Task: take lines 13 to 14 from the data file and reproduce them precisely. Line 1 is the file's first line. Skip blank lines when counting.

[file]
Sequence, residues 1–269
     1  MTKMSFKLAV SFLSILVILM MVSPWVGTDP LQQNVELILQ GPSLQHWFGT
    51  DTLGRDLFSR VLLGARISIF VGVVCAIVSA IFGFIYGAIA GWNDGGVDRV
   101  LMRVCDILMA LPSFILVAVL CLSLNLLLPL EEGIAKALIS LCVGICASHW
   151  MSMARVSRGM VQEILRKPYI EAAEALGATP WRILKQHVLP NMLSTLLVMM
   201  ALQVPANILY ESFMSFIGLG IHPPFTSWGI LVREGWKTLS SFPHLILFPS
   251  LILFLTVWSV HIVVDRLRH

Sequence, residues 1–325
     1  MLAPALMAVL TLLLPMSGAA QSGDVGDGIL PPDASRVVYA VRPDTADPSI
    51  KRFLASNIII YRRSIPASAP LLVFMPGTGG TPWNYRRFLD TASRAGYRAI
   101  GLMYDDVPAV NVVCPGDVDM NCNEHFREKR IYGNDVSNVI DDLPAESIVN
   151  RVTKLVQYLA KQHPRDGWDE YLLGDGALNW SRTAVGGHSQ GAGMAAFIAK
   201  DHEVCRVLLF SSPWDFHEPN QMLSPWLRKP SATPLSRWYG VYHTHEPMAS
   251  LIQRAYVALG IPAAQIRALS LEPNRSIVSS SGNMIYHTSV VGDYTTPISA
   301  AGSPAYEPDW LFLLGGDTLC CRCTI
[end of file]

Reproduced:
   201  DHEVCRVLLF SSPWDFHEPN QMLSPWLRKP SATPLSRWYG VYHTHEPMAS
   251  LIQRAYVALG IPAAQIRALS LEPNRSIVSS SGNMIYHTSV VGDYTTPISA